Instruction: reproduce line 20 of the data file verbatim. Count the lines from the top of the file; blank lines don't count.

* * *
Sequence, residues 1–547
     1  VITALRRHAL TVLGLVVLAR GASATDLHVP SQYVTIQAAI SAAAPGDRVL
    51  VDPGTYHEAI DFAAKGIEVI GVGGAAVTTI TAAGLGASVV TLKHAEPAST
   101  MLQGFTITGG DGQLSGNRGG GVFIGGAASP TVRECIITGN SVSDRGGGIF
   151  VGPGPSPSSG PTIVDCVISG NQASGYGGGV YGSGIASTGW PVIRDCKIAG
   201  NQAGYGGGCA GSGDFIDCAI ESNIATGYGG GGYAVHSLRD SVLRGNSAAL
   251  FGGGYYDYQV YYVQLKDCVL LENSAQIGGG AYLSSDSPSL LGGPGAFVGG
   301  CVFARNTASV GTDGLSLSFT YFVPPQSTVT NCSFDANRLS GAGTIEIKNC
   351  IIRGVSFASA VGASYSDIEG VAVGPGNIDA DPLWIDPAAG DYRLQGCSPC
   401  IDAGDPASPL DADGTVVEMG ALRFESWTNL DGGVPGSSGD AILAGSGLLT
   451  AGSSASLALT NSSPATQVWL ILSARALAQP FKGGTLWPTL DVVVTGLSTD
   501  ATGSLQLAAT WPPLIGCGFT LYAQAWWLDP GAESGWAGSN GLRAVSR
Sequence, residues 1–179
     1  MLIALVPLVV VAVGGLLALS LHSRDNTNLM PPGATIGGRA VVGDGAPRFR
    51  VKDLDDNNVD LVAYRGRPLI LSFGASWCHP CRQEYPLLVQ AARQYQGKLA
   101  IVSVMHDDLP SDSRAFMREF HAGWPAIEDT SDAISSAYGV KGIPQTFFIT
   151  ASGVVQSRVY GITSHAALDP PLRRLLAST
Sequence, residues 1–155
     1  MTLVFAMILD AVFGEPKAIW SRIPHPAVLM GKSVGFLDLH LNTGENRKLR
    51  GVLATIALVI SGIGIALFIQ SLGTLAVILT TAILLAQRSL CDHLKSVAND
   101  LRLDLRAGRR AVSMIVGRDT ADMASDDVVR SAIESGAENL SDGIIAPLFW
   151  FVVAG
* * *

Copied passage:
    51  GVLATIALVI SGIGIALFIQ SLGTLAVILT TAILLAQRSL CDHLKSVAND